The explain plan visualizer cannot be used in conjunction with the EXPLAIN keyword.
Clicking Explain will not execute the query (initially); the database will walk through the native actions necessary to execute the query and show the plan. Once the query plan is output, the query can be executed and analyzed using the Run & Analyze button (with Verbose optionally providing more execution detail).
For example, the executing the following:
Yields a text-only explain output:
Running the same query (without the EXPLAIN keyword included) but this time clicking Explain would yield the graphical query plan:
Hover over steps in the query plan to view the API call that would occur in the background when executing the original query. Hover over table names to view the table's schema. Click Export JSON to export the text-based explain output to a JSON file.
Subsequently, click Run & Analyze to execute the query and see the execution time for each step in the plan.
The steps are color-coded based on how fast they were in relation to the other steps in the query.
If an error occurs in the query, it will be displayed in the plan at the point it occurred. Mousing over the error will show the details of the call and the error message.
The SQL Procedures page displays all existing SQL procedures. Review SQL Procedures for more information on SQL procedures.
- Click Create to create a SQL procedure.
- Click Execute to manually execute the selected procedure. Note that any returned rows will not be displayed. Execute the procedure manually via the SQL tool to view any output.
- Click Drop to remove the selected procedure.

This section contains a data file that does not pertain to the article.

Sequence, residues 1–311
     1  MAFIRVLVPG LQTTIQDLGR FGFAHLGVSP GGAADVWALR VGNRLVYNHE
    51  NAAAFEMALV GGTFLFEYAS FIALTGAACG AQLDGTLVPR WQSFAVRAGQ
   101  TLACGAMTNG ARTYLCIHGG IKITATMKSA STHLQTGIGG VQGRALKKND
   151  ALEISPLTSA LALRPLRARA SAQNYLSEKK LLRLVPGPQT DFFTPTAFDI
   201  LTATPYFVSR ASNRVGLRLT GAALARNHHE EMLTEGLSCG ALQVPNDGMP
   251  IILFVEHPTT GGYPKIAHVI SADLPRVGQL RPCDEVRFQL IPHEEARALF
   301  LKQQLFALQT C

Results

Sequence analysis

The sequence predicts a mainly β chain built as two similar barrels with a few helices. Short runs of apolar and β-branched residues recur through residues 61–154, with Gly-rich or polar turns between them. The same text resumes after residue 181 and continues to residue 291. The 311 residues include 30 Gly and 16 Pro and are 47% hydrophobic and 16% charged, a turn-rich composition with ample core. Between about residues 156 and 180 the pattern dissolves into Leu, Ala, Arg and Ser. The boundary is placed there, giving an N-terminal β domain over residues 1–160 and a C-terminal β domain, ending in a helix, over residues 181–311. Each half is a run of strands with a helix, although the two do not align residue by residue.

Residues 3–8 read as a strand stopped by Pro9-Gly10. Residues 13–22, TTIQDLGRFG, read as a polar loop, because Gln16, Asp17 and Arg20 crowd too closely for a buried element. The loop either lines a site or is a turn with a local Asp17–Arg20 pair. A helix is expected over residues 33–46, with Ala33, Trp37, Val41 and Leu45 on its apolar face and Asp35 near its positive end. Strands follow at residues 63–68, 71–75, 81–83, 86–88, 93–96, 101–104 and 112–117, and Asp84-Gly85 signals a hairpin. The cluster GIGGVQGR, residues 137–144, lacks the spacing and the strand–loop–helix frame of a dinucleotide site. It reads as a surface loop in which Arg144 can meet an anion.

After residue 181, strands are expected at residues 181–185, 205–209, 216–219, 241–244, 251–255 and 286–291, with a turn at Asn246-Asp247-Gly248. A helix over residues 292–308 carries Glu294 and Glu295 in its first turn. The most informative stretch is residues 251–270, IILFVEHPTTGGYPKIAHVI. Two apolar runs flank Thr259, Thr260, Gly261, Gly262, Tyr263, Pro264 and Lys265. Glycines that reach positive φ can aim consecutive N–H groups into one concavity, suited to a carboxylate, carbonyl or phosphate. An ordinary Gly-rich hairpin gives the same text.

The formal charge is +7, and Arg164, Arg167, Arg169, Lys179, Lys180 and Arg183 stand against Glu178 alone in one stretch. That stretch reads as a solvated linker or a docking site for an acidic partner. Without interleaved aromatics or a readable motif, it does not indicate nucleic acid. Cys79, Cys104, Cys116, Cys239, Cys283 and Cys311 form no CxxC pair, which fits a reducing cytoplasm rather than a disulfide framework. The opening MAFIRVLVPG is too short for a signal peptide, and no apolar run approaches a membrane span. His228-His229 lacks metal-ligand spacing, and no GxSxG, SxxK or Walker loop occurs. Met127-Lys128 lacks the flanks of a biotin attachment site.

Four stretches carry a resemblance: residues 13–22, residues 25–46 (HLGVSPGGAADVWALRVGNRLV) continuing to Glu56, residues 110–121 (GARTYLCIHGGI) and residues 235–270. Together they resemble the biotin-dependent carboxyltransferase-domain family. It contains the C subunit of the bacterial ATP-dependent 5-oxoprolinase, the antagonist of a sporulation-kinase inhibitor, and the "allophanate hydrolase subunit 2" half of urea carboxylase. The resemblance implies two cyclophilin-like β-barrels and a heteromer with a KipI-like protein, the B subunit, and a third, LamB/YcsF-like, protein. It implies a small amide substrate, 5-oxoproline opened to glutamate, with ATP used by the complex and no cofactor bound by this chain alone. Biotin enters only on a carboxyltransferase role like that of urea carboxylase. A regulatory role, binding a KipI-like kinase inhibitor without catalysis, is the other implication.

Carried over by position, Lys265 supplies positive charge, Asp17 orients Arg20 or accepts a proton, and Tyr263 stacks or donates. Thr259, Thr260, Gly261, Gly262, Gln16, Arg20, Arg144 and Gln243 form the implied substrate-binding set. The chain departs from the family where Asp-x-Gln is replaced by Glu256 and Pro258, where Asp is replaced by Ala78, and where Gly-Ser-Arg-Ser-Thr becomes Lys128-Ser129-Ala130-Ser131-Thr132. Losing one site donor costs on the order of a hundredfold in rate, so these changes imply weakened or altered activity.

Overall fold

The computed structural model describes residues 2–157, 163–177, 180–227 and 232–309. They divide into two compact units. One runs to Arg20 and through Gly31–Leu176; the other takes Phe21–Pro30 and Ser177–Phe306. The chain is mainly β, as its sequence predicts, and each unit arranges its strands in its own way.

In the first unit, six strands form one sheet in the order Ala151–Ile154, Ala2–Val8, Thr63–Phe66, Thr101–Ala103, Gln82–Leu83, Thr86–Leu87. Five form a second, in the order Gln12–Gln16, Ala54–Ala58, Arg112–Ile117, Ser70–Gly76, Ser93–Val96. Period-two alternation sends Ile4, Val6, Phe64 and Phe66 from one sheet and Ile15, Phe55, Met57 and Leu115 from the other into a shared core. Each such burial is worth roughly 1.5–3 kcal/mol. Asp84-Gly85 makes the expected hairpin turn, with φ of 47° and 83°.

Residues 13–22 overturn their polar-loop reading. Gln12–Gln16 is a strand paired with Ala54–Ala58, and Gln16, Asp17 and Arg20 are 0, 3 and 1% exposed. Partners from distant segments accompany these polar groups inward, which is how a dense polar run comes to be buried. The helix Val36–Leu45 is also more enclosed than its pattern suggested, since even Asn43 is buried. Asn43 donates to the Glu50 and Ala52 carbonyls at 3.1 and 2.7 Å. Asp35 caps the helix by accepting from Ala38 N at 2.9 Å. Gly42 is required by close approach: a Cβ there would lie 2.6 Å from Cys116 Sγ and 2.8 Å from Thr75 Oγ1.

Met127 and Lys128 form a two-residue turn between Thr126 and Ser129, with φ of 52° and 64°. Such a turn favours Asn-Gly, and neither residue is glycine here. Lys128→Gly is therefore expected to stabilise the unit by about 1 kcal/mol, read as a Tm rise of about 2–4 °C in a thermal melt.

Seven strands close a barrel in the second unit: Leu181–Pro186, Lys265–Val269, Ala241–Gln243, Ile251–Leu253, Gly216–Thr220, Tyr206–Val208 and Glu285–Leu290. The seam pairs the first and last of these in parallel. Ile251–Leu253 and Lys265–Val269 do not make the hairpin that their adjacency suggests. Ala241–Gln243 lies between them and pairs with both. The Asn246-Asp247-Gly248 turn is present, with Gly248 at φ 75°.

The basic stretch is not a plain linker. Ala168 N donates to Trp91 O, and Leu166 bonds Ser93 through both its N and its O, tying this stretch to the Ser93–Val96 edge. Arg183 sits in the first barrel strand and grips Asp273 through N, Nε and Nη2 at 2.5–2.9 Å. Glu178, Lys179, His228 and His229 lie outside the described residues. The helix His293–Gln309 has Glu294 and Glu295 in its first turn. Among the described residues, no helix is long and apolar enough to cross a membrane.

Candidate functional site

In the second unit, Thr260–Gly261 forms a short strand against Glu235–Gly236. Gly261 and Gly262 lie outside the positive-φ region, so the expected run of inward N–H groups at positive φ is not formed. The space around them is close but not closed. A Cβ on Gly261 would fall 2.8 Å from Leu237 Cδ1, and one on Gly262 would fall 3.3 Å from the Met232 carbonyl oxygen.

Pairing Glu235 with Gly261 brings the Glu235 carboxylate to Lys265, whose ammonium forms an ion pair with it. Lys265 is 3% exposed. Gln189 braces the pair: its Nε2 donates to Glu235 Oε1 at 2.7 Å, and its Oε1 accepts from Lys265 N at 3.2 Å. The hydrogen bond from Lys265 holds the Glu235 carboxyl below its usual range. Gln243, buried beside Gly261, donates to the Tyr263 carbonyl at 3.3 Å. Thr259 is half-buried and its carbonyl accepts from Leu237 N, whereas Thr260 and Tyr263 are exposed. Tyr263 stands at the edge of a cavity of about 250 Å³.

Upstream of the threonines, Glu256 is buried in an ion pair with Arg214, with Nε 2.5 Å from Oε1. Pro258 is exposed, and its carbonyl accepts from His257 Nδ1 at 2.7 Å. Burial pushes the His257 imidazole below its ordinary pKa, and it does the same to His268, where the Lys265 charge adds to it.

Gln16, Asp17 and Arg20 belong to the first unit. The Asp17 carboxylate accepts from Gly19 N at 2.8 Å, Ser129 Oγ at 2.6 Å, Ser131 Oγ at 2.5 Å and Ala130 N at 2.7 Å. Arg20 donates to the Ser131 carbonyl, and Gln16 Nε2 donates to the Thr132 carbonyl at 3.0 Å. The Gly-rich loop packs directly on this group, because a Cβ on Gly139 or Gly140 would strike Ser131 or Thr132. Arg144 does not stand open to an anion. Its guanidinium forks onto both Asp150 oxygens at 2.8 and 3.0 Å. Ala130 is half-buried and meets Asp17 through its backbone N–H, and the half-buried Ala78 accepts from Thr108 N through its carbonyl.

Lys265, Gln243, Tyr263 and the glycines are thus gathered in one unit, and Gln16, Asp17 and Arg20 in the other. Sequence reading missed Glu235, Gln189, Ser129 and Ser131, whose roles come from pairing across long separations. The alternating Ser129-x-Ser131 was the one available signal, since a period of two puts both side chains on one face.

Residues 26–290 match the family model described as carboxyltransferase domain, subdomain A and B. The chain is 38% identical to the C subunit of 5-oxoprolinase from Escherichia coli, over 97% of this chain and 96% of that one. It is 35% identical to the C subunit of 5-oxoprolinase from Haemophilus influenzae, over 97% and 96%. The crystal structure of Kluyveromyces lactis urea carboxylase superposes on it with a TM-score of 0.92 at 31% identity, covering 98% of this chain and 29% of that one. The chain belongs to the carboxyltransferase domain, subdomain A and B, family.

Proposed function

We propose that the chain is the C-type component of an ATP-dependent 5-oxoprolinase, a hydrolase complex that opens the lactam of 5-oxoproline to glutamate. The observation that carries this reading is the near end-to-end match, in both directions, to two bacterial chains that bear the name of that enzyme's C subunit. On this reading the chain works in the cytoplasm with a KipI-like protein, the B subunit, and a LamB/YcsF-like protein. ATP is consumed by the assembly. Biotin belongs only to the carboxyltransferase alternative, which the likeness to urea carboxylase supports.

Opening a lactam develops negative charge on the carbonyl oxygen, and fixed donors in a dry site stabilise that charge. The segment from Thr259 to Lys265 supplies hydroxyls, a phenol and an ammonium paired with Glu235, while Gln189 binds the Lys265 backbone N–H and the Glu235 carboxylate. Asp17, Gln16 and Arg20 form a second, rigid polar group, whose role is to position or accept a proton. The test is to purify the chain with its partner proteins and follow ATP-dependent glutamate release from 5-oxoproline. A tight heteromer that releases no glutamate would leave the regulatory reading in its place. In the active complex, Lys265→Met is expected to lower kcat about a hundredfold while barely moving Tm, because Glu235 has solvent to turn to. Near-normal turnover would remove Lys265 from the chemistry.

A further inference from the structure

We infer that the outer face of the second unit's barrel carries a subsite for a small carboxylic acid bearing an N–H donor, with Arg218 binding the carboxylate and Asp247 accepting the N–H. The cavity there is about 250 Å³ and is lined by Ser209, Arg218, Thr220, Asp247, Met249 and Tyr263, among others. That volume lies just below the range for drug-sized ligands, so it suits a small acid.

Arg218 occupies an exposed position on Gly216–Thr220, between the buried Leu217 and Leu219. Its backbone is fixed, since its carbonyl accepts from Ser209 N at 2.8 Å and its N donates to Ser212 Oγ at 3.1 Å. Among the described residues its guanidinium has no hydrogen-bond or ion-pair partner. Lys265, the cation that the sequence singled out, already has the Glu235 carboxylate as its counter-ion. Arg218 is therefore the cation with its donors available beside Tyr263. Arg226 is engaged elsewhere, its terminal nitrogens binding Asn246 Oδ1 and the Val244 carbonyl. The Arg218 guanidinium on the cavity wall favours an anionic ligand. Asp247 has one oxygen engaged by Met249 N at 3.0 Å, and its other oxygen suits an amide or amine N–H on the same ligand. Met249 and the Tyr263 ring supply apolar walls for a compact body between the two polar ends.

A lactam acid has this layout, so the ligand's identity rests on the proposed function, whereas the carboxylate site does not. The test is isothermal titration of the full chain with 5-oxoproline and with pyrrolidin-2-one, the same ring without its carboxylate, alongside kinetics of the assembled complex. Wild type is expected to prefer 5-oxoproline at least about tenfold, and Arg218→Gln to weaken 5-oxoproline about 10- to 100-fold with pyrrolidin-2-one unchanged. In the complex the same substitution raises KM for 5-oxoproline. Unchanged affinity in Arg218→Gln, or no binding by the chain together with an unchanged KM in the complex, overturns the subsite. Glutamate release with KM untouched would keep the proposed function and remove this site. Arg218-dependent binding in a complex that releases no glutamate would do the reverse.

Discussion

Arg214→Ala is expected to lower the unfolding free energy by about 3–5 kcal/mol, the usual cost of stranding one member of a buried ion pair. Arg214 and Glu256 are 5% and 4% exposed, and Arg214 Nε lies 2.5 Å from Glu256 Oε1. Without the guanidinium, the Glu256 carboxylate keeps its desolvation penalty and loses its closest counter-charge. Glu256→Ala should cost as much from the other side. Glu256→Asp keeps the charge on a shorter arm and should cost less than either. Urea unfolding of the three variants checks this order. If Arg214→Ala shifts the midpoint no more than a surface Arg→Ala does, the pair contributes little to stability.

- Click Permissions to adjust the execute permissions for the selected procedure.
- Click Detail to display the SQL procedure's definition.
The SQL procedure creation process is simplified when using the interface; all that's required to get started is some SQL code.
From the SQL Procedures page, click Create.
Provide a Name for the procedure.
Optionally, provide an Execution Interval. Units can be one of the following:
Optionally, provide a Start Timestamp. The provided value should be in the following format:
Provide one or more semi-colon-separated SQL statements in the Statements text field. Review the supported statements.
While all SQL procedures are able to be viewed by any user, they can only be executed by certain users. To adjust the execute permissions for a particular SQL procedure:
- From the SQL Procedures page, select a SQL procedure and click Permissions.
- Adjust the permissions as necessary:
- Edit execute permissions for users:
- Add: Click a user in the Available list and then click Grant >> to grant the user sql_proc_execute permission on the selected SQL procedure.
- Remove: Click a user in the SQL Proc-level Granted list and then click << Revoke to revoke the user's sql_proc_execute permission on the selected procedure.